Sunday, December 4, 2016

THIS WEEK: RALLY, Santaland Diaries, East Sherman release party and more

Posted By on Sun, Dec 4, 2016 at 1:00 PM

Local rockers East Sherman celebrate a new EP this week.
  • Local rockers East Sherman celebrate a new EP this week.

The holiday season is in full swing, with just a few weeks to go before Christmas, so peruse our event listings and Staff Picks for all kinds of ways to keep the kids and visiting relatives entertained. And go ahead and pick out something nice for yourself, too.

Here are some highlights of the week ahead:

Monday, Dec. 5

LIVE BANDS | Bow before the power of the D! Well, half of Tenacious D, anyway, as the incredibly talented and hysterically funny Kyle Gass brings his Kyle Gass Band to the Big Dipper. Read Inlander music editor Laura Johnson's interview with Gass here, and give his band a listen as they cover Steely Dan:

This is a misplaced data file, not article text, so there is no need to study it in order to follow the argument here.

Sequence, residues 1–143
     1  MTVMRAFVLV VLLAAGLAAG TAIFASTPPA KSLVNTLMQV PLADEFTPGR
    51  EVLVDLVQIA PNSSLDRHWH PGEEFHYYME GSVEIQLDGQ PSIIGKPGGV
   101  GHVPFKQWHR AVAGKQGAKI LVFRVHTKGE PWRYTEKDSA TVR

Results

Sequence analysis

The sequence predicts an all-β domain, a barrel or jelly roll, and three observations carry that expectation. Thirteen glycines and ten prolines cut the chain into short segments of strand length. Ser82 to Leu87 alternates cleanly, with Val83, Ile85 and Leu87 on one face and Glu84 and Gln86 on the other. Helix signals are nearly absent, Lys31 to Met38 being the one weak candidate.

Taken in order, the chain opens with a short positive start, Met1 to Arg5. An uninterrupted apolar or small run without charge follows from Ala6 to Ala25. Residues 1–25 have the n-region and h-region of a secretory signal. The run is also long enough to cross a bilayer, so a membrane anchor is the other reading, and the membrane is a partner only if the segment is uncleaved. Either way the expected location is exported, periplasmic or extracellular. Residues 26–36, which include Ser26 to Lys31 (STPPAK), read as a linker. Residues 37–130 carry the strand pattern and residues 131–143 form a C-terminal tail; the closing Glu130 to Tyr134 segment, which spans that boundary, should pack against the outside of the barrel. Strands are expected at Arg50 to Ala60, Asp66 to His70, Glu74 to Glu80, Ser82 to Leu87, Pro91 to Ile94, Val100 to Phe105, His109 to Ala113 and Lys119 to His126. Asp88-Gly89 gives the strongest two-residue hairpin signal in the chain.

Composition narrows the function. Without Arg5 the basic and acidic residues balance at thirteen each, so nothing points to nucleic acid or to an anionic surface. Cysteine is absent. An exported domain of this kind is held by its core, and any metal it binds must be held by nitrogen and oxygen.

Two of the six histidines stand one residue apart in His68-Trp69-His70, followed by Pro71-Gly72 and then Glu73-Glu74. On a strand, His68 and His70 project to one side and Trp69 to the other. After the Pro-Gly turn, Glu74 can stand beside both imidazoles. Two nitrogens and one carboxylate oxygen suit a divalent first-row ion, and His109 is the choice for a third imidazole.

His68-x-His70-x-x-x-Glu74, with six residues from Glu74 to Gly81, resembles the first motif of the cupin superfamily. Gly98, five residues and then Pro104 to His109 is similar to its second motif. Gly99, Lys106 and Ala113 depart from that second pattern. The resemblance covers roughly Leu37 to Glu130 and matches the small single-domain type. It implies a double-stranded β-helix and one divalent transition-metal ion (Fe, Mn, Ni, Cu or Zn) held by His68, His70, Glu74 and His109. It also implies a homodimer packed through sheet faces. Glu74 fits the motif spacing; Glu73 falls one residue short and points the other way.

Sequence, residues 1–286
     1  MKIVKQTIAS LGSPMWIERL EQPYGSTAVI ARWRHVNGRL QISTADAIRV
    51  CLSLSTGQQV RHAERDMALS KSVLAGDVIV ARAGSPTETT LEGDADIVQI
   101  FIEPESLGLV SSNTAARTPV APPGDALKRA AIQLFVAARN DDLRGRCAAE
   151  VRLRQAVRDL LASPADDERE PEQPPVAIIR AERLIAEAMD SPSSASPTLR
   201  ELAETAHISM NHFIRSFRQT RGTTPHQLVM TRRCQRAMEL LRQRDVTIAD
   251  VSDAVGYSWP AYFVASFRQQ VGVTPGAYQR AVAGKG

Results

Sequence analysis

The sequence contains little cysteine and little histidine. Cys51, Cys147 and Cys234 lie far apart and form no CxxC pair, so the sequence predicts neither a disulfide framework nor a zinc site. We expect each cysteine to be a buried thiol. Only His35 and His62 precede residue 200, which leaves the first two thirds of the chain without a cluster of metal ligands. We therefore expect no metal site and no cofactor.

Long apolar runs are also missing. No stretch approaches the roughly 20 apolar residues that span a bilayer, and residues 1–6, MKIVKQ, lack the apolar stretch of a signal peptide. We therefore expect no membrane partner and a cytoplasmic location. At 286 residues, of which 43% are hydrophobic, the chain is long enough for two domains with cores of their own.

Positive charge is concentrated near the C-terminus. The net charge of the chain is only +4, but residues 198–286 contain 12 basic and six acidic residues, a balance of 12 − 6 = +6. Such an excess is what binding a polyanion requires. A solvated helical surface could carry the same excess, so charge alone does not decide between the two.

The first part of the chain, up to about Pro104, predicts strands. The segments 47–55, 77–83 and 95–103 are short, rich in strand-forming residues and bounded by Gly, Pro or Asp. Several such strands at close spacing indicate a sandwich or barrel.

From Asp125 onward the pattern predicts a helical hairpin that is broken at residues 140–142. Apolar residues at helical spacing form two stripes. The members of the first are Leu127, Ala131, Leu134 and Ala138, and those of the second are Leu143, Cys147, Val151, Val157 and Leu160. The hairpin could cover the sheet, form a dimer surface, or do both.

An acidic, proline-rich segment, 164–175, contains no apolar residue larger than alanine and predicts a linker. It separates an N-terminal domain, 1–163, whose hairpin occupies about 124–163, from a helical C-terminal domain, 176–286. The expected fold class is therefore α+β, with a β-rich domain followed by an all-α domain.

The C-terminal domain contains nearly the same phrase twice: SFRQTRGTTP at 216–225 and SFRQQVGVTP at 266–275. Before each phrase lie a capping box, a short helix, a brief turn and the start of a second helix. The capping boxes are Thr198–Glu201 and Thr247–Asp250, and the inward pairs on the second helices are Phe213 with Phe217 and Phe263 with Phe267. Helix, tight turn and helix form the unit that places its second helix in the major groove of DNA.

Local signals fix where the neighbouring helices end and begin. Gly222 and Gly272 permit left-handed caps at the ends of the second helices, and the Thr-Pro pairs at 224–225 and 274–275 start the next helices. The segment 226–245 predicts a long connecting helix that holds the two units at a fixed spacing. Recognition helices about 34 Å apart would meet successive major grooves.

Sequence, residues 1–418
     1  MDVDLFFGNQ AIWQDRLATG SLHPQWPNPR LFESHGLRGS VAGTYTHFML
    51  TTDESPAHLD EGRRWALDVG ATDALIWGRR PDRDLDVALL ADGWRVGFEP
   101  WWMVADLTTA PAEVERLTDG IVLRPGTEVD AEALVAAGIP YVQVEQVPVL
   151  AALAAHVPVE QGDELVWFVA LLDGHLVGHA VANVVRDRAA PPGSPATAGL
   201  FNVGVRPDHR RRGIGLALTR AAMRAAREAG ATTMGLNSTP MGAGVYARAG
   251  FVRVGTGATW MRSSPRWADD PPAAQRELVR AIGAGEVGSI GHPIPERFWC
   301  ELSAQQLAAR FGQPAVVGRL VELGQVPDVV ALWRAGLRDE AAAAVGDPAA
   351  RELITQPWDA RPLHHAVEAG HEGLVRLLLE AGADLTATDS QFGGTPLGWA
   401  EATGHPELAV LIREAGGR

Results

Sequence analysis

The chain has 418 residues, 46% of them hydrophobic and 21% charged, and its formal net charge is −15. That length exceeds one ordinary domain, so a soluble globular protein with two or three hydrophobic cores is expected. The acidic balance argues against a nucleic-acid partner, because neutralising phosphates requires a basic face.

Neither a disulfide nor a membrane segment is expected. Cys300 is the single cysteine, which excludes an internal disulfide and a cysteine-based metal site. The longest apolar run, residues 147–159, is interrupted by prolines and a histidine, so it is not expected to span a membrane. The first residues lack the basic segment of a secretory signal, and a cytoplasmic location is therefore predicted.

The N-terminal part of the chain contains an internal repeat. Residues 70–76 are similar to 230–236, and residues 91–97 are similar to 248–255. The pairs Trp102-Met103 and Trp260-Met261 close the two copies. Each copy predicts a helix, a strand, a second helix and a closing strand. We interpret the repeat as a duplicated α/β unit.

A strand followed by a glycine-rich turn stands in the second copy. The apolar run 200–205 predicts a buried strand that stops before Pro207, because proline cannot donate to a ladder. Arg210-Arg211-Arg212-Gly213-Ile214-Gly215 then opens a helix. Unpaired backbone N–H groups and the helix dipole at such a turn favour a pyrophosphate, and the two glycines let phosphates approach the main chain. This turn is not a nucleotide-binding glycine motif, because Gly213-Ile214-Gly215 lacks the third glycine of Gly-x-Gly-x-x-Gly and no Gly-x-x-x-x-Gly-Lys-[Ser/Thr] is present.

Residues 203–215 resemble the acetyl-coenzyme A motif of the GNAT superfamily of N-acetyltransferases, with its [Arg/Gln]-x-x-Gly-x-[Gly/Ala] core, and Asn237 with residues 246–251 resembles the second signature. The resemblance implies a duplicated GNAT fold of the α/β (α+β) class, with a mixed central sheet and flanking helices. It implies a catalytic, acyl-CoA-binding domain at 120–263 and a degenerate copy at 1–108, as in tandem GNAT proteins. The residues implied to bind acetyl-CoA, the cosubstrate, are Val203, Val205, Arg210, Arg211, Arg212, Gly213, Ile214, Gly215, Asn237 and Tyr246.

Tuesday, Dec. 6

COMMUNITY | The creative minds with local arts organization Terrain quickly saw a local need to safely express and unite to share some of the emotional responses to this year's election, and the result is RALLY, an impromptu, community-driven art show opening tonight.

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Friday, December 2, 2016

What we know so far about next year's Tinnabulation Music Festival

Posted By on Fri, Dec 2, 2016 at 5:38 PM